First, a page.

An India-Pakistan fixture, regardless of the sport and the venue, is always a big attraction -- both for the local crowd as well as broadcasters. Hence it is needless to say that today's India versus Pakistan fixture of the Hero Asia Cup in Dhaka is the centre of attention of the group stages of this tenth edition of this continental competition.
Aside from the political rivalry, the history of the rivalry between the two hockey teams goes long back in history. India's absolute dominance in hockey was first broken by Pakistan in the Rome Olympics in 1960 and the green shirts went on to win the title two more times. However, it is the World Cup of hockey, incepted in 1971 and the Champions Trophy incepted in 1978, which saw Pakistan's rise as hockey's superpower while Indian hockey started to decline.
Pakistan have won the World Cup and the Champions Trophy three times each while India have only managed a single World Cup title. But those were more than two decades ago, and since then, European teams and Australia have taken a stranglehold on the game as the subcontinent's hockey subsided.
However, with the introduction of franchise leagues and all the money poured into the game, Indian hockey is seeing a resurgence in recent times and they came into this tournament as the top-ranked side, currently sixth in the world rankings. Pakistan, on the other hand, are ranked 14th in the world.
The recent meetings between the two sides also tell a story of India's dominance. The Indians won, and by big margins, in their last five meetings.
Having already confirmed their Super 4s berth following two convincing wins, India will be full of confidence when they take their archrivals in Pool A's final fixture at the Maulana Bhasani Hockey Stadium at 5:30pm.
India coach Sjoerd Marijne, who took charge of the side recently, said he was focusing only on his own team ahead of the marquee clash. "For me it's just another match and we have approached it just like another match. We are focusing on our development," the Dutchman said at the pre-match press briefing.
After thrashing Japan 5-1 in the opening match of the competition, India went on to hand Bangladesh a 7-0 mauling to confirm the last-four berth. Pakistan, on the other hand, will have a whole lot to improve upon. Despite a 7-0 win against Bangladesh, the three-time champions were far from convincing, and they were found out in a 2-2 draw in their second match. A draw or a small-margin of victory would be enough for the green shirts to seal a Super 4s berth, but they would have to improve considerably if they are to mount a challenge against their bitter rivals.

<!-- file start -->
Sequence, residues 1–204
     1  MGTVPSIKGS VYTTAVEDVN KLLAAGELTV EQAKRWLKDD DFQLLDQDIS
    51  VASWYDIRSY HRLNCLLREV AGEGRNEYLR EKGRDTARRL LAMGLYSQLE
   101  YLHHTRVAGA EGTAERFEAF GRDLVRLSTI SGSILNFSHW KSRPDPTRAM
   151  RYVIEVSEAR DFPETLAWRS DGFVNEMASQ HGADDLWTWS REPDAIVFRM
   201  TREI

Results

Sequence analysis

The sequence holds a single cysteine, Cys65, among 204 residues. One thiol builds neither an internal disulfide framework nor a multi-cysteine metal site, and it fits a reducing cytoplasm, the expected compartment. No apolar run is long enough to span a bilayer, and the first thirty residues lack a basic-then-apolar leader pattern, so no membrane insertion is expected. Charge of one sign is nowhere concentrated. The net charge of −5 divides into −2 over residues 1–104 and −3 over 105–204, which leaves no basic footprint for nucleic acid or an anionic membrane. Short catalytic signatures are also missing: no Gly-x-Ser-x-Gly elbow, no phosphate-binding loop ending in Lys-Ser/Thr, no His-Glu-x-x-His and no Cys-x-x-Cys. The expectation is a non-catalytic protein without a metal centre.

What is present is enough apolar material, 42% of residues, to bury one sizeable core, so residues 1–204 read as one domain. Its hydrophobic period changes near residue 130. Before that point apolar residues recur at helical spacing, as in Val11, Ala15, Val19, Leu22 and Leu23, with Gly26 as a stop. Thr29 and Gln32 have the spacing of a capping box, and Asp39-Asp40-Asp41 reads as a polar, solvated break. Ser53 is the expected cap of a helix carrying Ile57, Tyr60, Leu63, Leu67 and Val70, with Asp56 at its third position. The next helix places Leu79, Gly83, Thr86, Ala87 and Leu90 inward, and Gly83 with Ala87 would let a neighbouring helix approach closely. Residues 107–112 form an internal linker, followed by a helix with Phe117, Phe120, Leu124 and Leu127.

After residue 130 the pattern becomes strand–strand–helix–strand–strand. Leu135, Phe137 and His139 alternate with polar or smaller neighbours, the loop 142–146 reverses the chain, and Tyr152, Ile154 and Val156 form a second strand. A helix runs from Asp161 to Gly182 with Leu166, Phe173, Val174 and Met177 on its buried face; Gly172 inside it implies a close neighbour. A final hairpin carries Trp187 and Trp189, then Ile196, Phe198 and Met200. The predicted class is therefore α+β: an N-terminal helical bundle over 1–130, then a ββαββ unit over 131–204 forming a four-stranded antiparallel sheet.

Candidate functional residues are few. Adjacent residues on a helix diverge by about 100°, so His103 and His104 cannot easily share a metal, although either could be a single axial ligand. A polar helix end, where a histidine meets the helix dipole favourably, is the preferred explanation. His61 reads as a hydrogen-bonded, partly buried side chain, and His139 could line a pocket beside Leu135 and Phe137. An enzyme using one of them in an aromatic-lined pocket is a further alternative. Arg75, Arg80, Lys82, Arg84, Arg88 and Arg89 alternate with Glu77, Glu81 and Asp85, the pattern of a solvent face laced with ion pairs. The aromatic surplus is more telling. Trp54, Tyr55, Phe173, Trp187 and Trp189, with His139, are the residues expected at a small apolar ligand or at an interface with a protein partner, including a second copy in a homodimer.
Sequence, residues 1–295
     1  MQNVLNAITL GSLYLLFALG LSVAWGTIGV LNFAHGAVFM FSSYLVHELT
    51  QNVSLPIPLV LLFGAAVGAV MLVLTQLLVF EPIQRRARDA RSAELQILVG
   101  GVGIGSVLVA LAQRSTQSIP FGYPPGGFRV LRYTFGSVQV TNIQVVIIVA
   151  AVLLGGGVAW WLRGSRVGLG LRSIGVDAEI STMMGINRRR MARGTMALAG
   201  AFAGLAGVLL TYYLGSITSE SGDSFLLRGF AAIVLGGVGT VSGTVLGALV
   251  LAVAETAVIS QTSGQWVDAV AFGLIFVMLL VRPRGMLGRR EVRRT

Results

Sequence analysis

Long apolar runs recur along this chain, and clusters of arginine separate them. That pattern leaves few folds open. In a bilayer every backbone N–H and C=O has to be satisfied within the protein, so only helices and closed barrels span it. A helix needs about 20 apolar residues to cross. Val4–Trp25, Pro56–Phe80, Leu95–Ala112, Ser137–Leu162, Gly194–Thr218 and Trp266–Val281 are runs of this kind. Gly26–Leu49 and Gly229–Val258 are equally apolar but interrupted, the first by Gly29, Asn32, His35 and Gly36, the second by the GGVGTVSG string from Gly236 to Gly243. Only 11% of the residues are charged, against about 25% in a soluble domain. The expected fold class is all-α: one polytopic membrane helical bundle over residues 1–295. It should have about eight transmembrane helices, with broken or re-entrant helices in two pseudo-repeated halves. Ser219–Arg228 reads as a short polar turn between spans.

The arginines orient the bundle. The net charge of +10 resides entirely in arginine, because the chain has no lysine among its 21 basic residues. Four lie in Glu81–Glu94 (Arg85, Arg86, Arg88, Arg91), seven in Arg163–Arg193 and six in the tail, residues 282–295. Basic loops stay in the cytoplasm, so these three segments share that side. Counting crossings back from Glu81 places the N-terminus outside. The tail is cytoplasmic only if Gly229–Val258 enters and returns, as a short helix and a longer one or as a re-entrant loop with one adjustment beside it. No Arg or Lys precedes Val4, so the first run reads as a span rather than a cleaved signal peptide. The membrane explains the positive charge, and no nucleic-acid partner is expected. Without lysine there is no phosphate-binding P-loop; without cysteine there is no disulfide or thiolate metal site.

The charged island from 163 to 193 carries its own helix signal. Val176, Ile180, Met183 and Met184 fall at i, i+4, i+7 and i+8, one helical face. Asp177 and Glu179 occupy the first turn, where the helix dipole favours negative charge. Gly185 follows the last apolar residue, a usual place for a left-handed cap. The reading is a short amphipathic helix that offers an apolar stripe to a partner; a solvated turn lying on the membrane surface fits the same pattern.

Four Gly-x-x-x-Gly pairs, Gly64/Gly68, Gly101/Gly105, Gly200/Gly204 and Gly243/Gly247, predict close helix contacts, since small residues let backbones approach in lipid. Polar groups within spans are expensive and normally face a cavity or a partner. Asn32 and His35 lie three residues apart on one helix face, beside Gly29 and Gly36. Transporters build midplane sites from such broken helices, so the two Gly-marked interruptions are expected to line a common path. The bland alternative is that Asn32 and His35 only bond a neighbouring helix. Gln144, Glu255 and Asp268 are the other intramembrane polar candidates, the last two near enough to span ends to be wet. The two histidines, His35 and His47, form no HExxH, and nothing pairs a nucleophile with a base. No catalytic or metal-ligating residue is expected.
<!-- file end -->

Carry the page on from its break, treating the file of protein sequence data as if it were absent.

Pakistan skipper Mohammad Irfan knows the task at hand is difficult. "Tomorrow we have to play really well as it's a match between India and Pakistan," Irfan said. "We didn't play well against Japan. We saw the videos of the match and pointed out what went wrong and we will be working hard to rectify those mistakes. There is no room for relaxation against India."
HOSTS FACE RESURGENT JAPAN
Meanwhile, hosts Bangladesh will be looking to salvage some pride when they play their final group-phase match against Japan at 3:00pm today. Coming into the match on the back of consecutive seven-goal defeats, the hosts will have it all to do against a speedy Japan side if they are to avoid finishing bottom in the group.
The hosts will need to beat Japan, who have one point from two matches, to avoid the bottom position. However, a draw against the Japanese will be considered some redemption as the bottom two teams will eventually battle for the place deciding matches (5th to 8th).
"Japan are a good team and they played well against Pakistan. If we take the field with a negative mindset, then we will have no chance against them. Our midfield is our weak-link and there are a couple of fitness issues too. However, if the players can implement the gameplan, then we can do well," hoped Bangladesh coach Mahbub Harun after running his charges through an hour's practice session yesterday morning.